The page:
Beautiful Soup - Modifying the tree


Advertisements

One of the important aspects of BeautifulSoup is search the parse tree and it allows you to make changes to the web document according to your requirement. We can make changes to tag’s properties using its attributes, such as the .name, .string or .append() method. It allows you to add new tags and strings to an existing tag with the help of the .new_string() and .new_tag() methods. There are other methods too, such as .insert(), .insert_before() or .insert_after() to make various modification to your HTML or XML document.

Changing tag names and attributes

Once you have created the soup, it is easy to make modification like renaming the tag, make modification to its attributes, add new attributes and delete attributes.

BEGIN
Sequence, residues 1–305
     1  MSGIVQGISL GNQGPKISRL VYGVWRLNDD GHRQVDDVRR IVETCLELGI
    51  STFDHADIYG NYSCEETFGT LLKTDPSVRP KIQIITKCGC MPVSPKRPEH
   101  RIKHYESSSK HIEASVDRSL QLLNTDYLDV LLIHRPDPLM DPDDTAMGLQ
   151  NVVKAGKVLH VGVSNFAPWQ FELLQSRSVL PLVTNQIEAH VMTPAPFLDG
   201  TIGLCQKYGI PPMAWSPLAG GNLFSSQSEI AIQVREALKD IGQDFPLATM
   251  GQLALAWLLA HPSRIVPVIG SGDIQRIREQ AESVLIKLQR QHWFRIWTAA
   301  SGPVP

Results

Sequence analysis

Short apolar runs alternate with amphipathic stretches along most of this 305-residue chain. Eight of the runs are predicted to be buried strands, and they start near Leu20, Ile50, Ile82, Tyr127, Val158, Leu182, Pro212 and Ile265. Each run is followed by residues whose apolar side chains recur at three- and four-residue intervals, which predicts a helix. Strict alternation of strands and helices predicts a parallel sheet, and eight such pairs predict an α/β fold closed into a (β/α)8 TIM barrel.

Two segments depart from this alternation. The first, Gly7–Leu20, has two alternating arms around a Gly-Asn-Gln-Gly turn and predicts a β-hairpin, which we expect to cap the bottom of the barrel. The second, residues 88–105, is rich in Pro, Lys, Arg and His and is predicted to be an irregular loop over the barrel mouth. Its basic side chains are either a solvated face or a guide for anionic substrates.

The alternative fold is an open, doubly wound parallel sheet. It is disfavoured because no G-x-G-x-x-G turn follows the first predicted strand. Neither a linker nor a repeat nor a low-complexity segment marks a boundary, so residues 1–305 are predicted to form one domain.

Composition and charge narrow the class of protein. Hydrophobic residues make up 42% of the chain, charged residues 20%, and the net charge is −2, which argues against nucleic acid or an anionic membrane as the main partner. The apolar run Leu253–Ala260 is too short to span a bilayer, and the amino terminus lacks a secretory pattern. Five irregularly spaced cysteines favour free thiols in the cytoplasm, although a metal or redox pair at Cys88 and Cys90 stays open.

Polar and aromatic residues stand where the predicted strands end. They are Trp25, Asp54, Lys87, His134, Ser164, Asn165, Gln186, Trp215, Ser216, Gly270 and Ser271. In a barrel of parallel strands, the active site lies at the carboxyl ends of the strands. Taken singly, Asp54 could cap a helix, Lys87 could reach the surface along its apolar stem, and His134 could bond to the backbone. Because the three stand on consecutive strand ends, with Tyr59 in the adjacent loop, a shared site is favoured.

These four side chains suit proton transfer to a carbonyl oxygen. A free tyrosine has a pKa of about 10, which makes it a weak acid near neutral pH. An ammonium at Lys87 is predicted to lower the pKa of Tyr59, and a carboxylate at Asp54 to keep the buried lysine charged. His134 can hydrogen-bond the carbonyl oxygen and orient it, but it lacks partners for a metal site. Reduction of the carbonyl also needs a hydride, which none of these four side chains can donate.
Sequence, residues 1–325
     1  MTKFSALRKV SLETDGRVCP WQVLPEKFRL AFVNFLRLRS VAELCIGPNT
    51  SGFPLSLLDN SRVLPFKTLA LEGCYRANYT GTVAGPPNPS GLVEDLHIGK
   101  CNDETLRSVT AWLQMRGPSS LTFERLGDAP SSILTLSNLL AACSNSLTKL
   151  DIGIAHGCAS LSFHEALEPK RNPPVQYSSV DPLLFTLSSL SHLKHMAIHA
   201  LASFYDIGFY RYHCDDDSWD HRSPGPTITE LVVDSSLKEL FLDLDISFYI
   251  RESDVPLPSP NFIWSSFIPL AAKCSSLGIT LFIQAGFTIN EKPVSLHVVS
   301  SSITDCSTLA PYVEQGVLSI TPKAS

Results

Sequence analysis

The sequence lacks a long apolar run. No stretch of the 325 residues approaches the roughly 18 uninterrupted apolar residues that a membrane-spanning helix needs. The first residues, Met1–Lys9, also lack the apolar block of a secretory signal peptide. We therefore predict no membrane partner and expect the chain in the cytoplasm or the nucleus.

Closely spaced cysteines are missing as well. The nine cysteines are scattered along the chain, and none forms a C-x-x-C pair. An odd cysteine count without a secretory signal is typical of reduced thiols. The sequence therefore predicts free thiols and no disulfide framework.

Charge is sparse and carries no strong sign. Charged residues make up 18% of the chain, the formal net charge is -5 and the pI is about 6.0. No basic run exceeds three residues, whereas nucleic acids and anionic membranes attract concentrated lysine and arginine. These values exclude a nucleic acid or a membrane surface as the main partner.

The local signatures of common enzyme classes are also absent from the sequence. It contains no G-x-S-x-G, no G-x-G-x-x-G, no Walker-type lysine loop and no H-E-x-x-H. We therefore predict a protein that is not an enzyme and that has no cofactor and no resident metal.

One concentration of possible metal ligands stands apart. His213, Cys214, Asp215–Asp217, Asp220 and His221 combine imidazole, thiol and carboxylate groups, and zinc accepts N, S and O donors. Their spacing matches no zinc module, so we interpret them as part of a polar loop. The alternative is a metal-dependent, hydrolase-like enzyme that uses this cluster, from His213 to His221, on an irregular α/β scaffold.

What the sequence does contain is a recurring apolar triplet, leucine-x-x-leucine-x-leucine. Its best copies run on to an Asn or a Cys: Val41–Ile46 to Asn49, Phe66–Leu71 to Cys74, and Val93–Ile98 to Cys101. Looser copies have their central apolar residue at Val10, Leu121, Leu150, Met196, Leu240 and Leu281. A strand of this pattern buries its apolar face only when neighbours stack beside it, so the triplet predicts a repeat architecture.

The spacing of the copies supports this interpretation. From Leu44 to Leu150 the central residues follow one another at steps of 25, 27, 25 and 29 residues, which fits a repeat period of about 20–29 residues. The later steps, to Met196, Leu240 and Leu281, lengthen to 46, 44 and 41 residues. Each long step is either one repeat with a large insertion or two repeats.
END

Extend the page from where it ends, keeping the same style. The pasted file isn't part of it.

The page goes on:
>>> soup = BeautifulSoup('<b class="bolder">Very Bold</b>')
>>> tag = soup.b

Modification and adding new attributes are as follows −

>>> tag.name = 'Blockquote'
>>> tag['class'] = 'Bolder'
>>> tag['id'] = 1.1
>>> tag
<Blockquote class="Bolder" id="1.1">Very Bold</Blockquote>

Deleting attributes are as follows −

>>> del tag['class']
>>> tag
<Blockquote id="1.1">Very Bold</Blockquote>
>>> del tag['id']
>>> tag
<Blockquote>Very Bold</Blockquote>

Modifying .string

You can easily modify the tag’s .string attribute −

>>> markup = '<a href="https://www.tutorialspoint.com/index.htm">Must for every <i>Learner>/i<</a>'
>>> Bsoup = BeautifulSoup(markup)
>>> tag = Bsoup.a
>>> tag.string = "My Favourite spot."
>>> tag
<a href="https://www.tutorialspoint.com/index.htm">My Favourite spot.</a>